Clan Donald Magazine No13 (1995) Online
Hugh MacDonald and the
Knock MS by the Editor
the principal sources used by our modern Clan Historians and other
writers of West Highland history are what are generally known as The
Book of Clanranald
and the History of
attributed to one Hugh MacDonald. The former was compiled during the
seventeenth and eighteenth centuries by members of the MacVurich
family who acted as bards and seanachies, firstly to the Lords of
the Isles and later to the chiefs of Clanranald. The latter, the
authorship of which forms the subject of this article, is said to
have been written in the reign of Charles II but internal evidence
shows that it was certainly written after 1628.
MS. itself is now in the National Library of Scotland and may be
consulted in the Manuscripts Room. It is clearly written, in
English, although unfortunately, it is not the original MS. but a
copy, of which the first and last parts are missing. It covers the
period from approximately 1100 to 1500 and although in many cases it
is inaccurate, it is, nevertheless, an invaluable record of the
traditional customs and history of the Clan Donald as accepted in
the Isles in the seventeenth century.
original owner of the MS. was Sir William MacLeod Bannatyne
(1743-1833), the respected genealogist and historian, descended from
the MacLeods of Bernera, who has left us the invaluable MS. history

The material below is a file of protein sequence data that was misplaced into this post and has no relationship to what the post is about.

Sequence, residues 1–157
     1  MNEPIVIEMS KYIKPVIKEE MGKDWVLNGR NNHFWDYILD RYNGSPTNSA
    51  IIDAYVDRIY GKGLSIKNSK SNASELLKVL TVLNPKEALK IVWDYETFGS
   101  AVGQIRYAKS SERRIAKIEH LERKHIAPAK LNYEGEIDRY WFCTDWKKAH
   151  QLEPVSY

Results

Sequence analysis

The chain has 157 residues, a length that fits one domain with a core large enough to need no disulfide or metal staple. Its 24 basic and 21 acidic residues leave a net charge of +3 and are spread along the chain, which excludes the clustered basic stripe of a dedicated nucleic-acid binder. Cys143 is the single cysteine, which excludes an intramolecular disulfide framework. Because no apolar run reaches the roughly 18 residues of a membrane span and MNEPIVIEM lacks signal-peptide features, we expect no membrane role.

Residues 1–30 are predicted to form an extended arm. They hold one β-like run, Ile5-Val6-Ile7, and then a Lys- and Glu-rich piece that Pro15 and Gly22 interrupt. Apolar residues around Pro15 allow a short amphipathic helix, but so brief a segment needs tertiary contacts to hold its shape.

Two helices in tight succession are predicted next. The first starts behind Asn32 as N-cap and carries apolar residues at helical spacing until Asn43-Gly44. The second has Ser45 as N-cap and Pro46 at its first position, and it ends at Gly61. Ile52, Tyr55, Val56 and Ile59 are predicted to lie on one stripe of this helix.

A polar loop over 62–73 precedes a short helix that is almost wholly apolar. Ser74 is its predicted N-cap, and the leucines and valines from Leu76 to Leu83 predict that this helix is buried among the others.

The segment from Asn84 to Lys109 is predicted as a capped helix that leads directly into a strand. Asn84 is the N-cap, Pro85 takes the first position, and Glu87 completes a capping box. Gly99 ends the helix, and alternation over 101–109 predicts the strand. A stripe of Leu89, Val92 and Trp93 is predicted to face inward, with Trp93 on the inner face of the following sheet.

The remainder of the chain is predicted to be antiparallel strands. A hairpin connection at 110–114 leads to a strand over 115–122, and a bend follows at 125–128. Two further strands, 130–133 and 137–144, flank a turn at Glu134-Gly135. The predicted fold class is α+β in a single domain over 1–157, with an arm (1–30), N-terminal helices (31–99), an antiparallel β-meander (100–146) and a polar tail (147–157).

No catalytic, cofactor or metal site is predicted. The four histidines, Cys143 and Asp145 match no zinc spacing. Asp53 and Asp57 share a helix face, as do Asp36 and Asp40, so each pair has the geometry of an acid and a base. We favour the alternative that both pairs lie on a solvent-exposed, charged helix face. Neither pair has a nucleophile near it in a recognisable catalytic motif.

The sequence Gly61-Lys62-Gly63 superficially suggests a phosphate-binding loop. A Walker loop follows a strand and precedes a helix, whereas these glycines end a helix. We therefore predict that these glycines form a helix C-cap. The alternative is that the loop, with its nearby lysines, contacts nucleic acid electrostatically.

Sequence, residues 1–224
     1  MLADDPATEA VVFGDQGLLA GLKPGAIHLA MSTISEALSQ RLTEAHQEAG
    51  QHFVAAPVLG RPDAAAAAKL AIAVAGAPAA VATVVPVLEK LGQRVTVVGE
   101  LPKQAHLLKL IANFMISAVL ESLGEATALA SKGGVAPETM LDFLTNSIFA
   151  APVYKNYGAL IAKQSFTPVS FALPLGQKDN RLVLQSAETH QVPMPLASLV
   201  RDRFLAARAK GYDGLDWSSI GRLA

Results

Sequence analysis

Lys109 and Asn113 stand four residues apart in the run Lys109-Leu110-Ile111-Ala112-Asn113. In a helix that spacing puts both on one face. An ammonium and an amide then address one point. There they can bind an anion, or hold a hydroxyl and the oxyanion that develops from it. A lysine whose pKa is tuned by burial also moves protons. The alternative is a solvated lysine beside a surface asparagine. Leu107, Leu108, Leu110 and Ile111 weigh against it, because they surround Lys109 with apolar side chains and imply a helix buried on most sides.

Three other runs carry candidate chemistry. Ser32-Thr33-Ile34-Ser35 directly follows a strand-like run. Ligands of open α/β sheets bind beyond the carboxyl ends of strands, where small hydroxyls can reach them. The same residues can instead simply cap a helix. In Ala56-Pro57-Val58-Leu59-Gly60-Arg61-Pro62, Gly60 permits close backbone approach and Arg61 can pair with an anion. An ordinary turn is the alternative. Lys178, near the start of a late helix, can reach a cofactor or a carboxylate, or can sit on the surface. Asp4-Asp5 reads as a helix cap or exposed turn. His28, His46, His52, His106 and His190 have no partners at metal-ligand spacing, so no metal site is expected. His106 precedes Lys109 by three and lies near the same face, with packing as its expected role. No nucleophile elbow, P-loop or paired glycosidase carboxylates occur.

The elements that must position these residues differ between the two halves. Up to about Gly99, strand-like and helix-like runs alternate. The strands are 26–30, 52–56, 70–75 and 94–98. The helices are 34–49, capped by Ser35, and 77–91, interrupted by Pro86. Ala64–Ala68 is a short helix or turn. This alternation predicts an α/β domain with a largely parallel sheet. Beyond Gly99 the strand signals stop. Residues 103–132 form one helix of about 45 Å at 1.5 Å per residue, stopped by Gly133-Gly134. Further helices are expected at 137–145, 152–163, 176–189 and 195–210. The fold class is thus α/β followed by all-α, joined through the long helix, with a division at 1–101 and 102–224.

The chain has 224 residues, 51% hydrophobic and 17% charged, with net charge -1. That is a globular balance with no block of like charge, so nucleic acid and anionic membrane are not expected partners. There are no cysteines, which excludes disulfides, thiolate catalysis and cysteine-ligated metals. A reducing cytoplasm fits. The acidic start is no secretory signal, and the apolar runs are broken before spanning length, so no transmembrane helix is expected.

of the MacLeods which bears his name. In an introductory note
attached to the MS., Bannatyne states: "Copy, fragment History of
the MacDonalds from mant. possessed by Major Macdonald Knock, father
of the late General Donald Macdonald, the fragment from which this
copy was taken beginning with the history of Somerled and ending
with the succession of Donald grandson of Austin brother to
Alexander Lord of the Isles, in whose person that great family was
forfeited, Austin being himself founder of the Sleat family,
afterwards Baronets and then Irish peers by the title of Lord
Macdonald..." Pencilled above this note, in the hand of Donald
for Scotland is the following: "Belongs to Sir Wm. Bannatyne. lent
11th Augt 1833 to Wm F Skene by Donald Gregory. To be returned to
Mr. Gregory when Mr. Skene has done with it."
cataloguer's note attached to the MS. states that Sir William
Bannatyne lent it to Gregory and died in November, 1833. Gregory, in
turn, lent it to W.F. Skene in 1833 and died in 1836. Skene quoted
from the manuscript in 1834 in MS. 14897 (f 119) and in 1837 in The
Highlanders of Scotland (vol 2, pp41,58) and printed the complete
text in 1847 in Collectanea de Rebus Albanicis (pp. 282,325).
The cataloguer suggests that Gregory's ascription to Hugh Macdonald
(History of die Western Highlands and Isles of Scotland, 1836, p.10)
may result from a misreading of Bannatyne's preface, in which
"Austin" (Hugh) in fact occurs twice although the words "Austin
being himself resemble "written by himself." He also states that
"nowhere does he (Skene) ascribe it (the MS) to more than 'a
highland Sennachie.' The Hugh Macdonald ascription was followed,
without comment, by MacPhail in his edition of the text in 'Highland
Papers,' vol. 1 (Scottish History Society, 1914), pp 1-102."
Incidentally, the last section of the MS. is not, in fact, included
in Collectanea de Rebus Albanicis. This, however, has been rectified
by Sheriff J.R.N. MacPhail in Highland Papers Vol. 1. It is
difficult to accept that such a scholar as Gregory would be so
easily misled (as the result of a mistrading by him of the words
"Austin being himself as "written by himself) into concluding that
the author of the MS. was Hugh MacDonald, progenitor of the
MacDonalds of Sleat and brother of Alexander, Lord of the Isles and